I preached this sermon this morning for Dr. Kalas’s “Theology and Practice of Preaching” class. It was a joy and a privilege.
One sacred morning some villagers awoke and came out to see up on the hill their place of worship torn down. A different kind of altar was set up. On it was roasted bull. They realized that the wood used to burn the sacrificed bull was one of their idols, an Asherah pole. One of their own had bucked the acceptable vices of culture to follow the instructions of a forgotten God. The rebel, Gideon, was the son of a tribal leader. He claimed his family was the least of the tribe of Manasseh, and he was the youngest of his father’s house. But the night before, God had called him “valiant warrior.” And in Judges 6, God used him for a valiant purpose – to make the profane into something sacred. When the villagers saw the abomination on the hillside, they did not see eradication; they saw transformation. The difference may seem subtle, but their idolatry had not vanished. It had been converted into something else. Something profane had been made something sacred.
A brief story will illustrate the difference. Matt is an unusual pastor who meets potential church members by playing bar trivia in…you guessed it…a bar. He has lunch with Jeff almost every week, because Jeff is a “seeker,” someone who is searching for “something”…that can only be found in the Person of Jesus and His redeeming love. Jeff is in his mid-twenties and grew up in the church but quit going when he was about 15. Matt often opens conversation by asking, “What kind of questions about faith do you have?” Jeff usually talks about common things. But recently he asked Matt, “How do you know when it’s time to let God in your life.” Taken aback, Matt said, “What do you mean?” Jeff replied, “You know, I’m just afraid that if there’s a time to let God in, I’ve missed it. I’m just afraid that now I have too many addictions and too much stuff in my life that I could never get all my stuff straight and let God in.” Matt said, “Jeff, you don’t have to do that.” Then, Matt continued to explain how God enters into our brokenness, desiring to transform our infirmities and deliver us from our bondages.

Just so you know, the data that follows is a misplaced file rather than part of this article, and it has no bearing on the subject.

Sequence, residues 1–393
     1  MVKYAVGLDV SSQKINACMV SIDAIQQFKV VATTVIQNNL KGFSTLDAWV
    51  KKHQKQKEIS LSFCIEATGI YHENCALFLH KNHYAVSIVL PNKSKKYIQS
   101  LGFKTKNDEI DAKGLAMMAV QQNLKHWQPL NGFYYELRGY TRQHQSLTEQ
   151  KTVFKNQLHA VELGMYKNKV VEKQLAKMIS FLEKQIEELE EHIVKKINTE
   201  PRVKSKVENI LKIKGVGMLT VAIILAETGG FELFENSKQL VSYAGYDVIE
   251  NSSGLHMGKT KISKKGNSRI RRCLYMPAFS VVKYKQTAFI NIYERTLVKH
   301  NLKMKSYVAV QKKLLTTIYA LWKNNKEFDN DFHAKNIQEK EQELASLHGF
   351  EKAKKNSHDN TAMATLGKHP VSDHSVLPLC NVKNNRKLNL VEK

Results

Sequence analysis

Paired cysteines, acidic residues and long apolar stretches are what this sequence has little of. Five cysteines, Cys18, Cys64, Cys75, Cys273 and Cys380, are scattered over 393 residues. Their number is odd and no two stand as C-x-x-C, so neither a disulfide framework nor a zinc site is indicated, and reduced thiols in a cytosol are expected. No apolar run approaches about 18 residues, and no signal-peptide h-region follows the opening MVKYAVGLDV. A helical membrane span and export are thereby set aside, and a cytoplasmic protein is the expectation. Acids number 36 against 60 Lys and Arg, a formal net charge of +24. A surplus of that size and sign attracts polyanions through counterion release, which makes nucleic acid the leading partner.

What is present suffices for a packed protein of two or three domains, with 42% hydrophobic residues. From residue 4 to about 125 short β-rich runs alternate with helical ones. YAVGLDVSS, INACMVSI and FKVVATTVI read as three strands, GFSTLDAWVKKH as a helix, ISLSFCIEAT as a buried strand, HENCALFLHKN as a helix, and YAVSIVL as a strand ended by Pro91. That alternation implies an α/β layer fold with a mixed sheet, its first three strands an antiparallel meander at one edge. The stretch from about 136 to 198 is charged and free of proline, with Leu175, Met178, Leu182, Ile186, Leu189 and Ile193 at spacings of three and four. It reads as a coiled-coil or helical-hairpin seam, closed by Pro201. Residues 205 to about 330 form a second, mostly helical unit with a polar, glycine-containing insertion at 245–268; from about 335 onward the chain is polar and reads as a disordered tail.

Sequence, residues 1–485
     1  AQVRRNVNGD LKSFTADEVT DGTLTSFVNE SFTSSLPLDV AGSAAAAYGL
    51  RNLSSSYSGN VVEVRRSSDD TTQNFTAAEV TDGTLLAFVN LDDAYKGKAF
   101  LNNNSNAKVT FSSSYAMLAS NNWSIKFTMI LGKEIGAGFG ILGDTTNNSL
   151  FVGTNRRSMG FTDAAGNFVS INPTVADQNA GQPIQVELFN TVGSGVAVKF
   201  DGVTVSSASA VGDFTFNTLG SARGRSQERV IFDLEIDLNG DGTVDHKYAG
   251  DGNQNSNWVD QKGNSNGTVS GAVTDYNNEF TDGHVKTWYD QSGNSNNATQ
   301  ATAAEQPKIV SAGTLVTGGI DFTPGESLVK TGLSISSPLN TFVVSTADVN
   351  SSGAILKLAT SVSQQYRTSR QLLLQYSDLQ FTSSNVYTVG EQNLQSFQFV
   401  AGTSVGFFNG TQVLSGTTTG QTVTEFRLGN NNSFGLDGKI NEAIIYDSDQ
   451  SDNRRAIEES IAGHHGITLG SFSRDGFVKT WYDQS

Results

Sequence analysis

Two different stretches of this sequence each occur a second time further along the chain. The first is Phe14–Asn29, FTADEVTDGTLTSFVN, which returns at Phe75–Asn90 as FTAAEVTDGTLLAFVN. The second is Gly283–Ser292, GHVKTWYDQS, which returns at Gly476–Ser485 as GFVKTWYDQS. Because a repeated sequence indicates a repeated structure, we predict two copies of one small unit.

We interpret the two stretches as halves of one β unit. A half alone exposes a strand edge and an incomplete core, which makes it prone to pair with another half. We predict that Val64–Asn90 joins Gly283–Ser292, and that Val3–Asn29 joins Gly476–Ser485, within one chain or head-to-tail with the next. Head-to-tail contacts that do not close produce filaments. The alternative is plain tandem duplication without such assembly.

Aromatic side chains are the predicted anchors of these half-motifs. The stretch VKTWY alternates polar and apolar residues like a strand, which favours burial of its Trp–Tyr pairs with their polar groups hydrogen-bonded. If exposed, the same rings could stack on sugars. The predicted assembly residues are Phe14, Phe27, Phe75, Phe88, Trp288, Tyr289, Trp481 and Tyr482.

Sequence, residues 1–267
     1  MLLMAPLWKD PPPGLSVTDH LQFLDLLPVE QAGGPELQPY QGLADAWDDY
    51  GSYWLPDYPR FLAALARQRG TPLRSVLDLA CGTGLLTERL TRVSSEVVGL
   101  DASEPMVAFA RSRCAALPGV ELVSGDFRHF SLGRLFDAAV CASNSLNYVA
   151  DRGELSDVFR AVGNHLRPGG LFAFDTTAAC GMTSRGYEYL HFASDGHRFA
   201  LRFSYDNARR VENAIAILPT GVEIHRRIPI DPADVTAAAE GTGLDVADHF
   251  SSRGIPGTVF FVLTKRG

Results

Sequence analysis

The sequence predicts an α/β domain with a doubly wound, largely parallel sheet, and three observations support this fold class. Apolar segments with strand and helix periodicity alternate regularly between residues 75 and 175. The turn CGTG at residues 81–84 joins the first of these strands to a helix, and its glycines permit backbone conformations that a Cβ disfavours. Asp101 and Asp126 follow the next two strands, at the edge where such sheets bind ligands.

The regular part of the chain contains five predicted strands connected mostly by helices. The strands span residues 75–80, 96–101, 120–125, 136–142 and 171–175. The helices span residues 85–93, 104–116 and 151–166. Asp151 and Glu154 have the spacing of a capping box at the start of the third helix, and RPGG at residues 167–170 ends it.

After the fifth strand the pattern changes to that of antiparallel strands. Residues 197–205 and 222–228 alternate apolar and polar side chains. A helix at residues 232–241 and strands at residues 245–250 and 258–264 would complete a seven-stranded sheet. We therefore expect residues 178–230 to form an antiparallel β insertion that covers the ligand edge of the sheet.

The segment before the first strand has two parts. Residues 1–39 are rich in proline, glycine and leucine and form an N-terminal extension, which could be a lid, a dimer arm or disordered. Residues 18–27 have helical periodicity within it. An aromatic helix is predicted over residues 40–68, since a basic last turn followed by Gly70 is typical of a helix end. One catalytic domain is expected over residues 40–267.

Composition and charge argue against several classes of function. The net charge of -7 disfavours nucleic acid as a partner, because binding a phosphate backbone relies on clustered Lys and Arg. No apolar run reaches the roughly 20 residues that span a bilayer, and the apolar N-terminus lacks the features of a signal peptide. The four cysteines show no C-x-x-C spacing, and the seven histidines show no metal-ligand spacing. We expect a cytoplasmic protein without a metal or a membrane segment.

Jeff illustrates an important problem. Many people who have grown up in the church are under the impression that they have to eradicate profanity, filth, from their life (AS IF THEY COULD ON THEIR OWN) before God will come near them, because “God is holy and can’t be in the presence of sin.” But this is not the picture painted by Judges 6. Gideon’s altar is beside the rubble that was once an altar to Baal. And it did not disappear from the story! It is the profanity after which and into which God’s grace and mercy breaks in. The bull sacrificed to God was burned using an Asherah pole. The profane had been redeemed for a sacred purpose.
You might be thinking that this is a nice little sermon for people like Jeff, lost souls whose lives are filthy and out of control. We, on the other hand, are mostly people who walk with Jesus and perhaps have done so for quite some time. But the fact is Israel was God’s chosen people. Lest we think too highly of our sanctification, we remember our depravity. For, like Israel, the people of God, we feel that we too are “prone to wander…prone to leave the God [we] love.” Our lives, too, may reflect some profanity, maybe obvious, maybe subtle. So, I ask, what altars exist to other gods in our village, in our homes, in our closets, on our computers, or hidden deep in the remotest parts of the heart…perhaps even erected right beside an altar to the Lord? What profanity is God desiring to make sacred? And will you let Him? Will you pray,
“Come thou Fount of every blessing
Tune our hearts to praise Thy name
Turn our idols into altars
Making sacred what was profane”?